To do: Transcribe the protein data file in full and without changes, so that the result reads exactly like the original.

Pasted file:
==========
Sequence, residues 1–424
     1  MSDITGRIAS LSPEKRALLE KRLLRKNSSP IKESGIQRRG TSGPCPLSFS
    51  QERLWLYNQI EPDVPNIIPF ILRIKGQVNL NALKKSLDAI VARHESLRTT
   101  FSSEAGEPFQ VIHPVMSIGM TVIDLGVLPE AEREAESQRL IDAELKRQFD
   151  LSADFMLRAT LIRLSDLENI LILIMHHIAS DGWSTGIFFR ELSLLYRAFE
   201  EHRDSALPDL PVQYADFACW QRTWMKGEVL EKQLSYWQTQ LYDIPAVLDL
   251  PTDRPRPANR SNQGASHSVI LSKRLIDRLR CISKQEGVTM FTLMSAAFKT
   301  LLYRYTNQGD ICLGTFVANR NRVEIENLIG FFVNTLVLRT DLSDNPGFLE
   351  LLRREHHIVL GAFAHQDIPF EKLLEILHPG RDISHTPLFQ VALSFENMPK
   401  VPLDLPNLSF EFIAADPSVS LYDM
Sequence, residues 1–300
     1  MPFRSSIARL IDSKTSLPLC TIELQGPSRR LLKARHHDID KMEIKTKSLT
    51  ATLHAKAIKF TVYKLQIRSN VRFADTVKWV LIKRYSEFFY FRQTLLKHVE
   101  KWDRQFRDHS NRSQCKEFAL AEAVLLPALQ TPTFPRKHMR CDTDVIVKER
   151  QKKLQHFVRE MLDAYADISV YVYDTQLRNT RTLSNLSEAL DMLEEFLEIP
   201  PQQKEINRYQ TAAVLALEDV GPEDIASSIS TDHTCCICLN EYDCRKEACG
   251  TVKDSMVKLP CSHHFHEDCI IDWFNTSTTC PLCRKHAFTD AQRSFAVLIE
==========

Sequence, residues 1–424
     1  MSDITGRIAS LSPEKRALLE KRLLRKNSSP IKESGIQRRG TSGPCPLSFS
    51  QERLWLYNQI EPDVPNIIPF ILRIKGQVNL NALKKSLDAI VARHESLRTT
   101  FSSEAGEPFQ VIHPVMSIGM TVIDLGVLPE AEREAESQRL IDAELKRQFD
   151  LSADFMLRAT LIRLSDLENI LILIMHHIAS DGWSTGIFFR ELSLLYRAFE
   201  EHRDSALPDL PVQYADFACW QRTWMKGEVL EKQLSYWQTQ LYDIPAVLDL
   251  PTDRPRPANR SNQGASHSVI LSKRLIDRLR CISKQEGVTM FTLMSAAFKT
   301  LLYRYTNQGD ICLGTFVANR NRVEIENLIG FFVNTLVLRT DLSDNPGFLE
   351  LLRREHHIVL GAFAHQDIPF EKLLEILHPG RDISHTPLFQ VALSFENMPK
   401  VPLDLPNLSF EFIAADPSVS LYDM
Sequence, residues 1–300
     1  MPFRSSIARL IDSKTSLPLC TIELQGPSRR LLKARHHDID KMEIKTKSLT
    51  ATLHAKAIKF TVYKLQIRSN VRFADTVKWV LIKRYSEFFY FRQTLLKHVE
   101  KWDRQFRDHS NRSQCKEFAL AEAVLLPALQ TPTFPRKHMR CDTDVIVKER
   151  QKKLQHFVRE MLDAYADISV YVYDTQLRNT RTLSNLSEAL DMLEEFLEIP
   201  PQQKEINRYQ TAAVLALEDV GPEDIASSIS TDHTCCICLN EYDCRKEACG
   251  TVKDSMVKLP CSHHFHEDCI IDWFNTSTTC PLCRKHAFTD AQRSFAVLIE